A Massage Therapist’s Tax Season Guide: An Interview with a CPA
Tax season is right around the corner, and with it comes laboring over numbers and forms. But doing your taxes doesn't have to be a painful process.
We sat down with Certified Public Accountant Larry Marietta of Marietta Financial Services, Inc. to find out everything you as a massage therapist need to know this tax season.
APM: Hi Larry! Thanks for meeting with us.
Larry: My pleasure.
APM: Okay, let's get down to business. What question do you get asked the most about doing taxes?
Larry: What everyone wants to know is, "What's deductible?" The simple answer is, "Did you use it for business? If so, it's probably deductible. If not, then no."When people - massage therapists included - go into business for themselves, they have to change the way they think. They're not used to thinking that the business is its own world.
APM: So what does it look like to make your business its own world?
Larry: First, it needs its own checking account with a checkbook for your business only. Secondly, you need a filing system. I don't care what that filing system is, but you need one that you can refer back to if you need to find documentation later. If you get audited, you have to go back 3 years. If you don't have a good system, you won't be able to find those documents. Buy a folder that has January-December month tabs on it. I don’t care how organized it is, just be sure your documents are in the file.
APM: So, what is deductible?
Larry: Anything you bought for the business: oils, sheets, tables. The hard part is when you co-mingle items. For example, can you deduct the new washing machine you bought to wash your massage therapy sheets? Well, yes. But if it's in your home and you also use it to wash your own clothes and sheets, that's when it gets a little sticky. Same for people's cell phones, etc.
APM: Are there deductions massage therapists may not realize they can take?
Larry: Mileage to and from massages is a big one. Even lunches out with their massage therapist friends to discuss the latest techniques. Or they can write off flights and meals to and from a conference in Florida this winter. That's where they can take advantage of the deductions as long as they make use of their filing system.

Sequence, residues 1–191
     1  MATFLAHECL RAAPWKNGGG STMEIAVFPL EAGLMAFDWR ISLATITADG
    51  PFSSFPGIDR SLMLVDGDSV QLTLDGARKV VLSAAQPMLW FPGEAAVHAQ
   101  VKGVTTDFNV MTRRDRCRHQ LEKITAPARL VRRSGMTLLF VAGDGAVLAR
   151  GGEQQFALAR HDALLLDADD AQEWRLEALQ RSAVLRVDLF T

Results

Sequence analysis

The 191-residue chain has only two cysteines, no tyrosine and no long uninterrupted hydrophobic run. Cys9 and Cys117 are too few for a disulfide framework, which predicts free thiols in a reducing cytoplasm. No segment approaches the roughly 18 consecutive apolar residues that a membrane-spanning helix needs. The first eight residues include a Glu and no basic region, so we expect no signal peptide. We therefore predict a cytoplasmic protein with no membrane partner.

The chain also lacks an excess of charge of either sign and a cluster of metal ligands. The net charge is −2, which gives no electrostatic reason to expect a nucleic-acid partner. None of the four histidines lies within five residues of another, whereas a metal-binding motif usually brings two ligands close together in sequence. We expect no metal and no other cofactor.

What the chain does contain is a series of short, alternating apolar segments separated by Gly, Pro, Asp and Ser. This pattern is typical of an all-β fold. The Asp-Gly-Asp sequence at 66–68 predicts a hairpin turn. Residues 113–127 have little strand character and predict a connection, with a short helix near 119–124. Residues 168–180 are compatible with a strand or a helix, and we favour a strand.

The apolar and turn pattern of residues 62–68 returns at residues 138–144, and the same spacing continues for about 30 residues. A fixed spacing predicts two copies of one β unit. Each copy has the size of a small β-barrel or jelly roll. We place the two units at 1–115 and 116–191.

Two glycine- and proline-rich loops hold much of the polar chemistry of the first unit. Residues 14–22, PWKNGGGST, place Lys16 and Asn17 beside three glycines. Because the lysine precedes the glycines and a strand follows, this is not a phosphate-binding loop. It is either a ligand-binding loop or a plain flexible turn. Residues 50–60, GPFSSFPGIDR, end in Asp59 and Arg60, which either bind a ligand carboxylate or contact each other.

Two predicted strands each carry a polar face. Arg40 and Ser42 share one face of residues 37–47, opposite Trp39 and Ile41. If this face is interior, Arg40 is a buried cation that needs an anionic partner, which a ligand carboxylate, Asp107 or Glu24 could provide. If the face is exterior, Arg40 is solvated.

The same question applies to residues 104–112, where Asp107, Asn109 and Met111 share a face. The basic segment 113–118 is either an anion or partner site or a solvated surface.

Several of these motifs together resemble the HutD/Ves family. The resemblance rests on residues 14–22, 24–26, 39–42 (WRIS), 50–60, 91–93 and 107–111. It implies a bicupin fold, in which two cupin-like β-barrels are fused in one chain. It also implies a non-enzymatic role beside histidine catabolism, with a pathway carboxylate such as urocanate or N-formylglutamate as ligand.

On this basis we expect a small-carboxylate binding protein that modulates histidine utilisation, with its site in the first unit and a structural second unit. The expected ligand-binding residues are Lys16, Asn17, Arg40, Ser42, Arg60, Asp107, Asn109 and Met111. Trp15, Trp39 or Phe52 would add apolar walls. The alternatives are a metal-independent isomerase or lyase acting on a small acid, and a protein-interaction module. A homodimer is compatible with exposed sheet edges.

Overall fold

APM: If a massage therapist is filing their taxes for the first time as a small business owner, what advice do you have for them?
Larry: Go to a CPA who specializes in small business owners' taxes.
APM: If a massage therapist wants to do their own taxes, are there software programs out there that you recommend?
Larry: I've never used any firsthand, but I've heard of Intuit and TurboTax as large vendors. I think they do a reasonably good job or interviewing you enough to capture everything. But the problem is that it will most likely cost you more money to do it yourself than to pay someone else to do it since they will be able to recognize any money you have have left on the table.
APM: What are issues that massage therapists may get caught up with?
Larry: Report your cash. If you're not going to report things accurately, your'e going to get yourself into a pickle which will be a disservice to your business. So I always recommend being honest.
APM: Any other advice you have for massage therapists out there?
Larry: If you are a new business owner, market, market, market! 90% of new businesses fail in the first 3 years. It takes 3 years to get enough momentu to generate clients without you generating them all yourself. Also, develop good bookkeeping habits.
APM: Thank you so much for your time and sharing your wisdom with us. If any of our massage therapists have questions or need help with their taxes, can they call you?
Larry: I'm happy to help.
Larry Marietta is a CPA and owner of Marietta Financial Services in Indianapolis, Indiana, where they strive to deliver value and plan for success.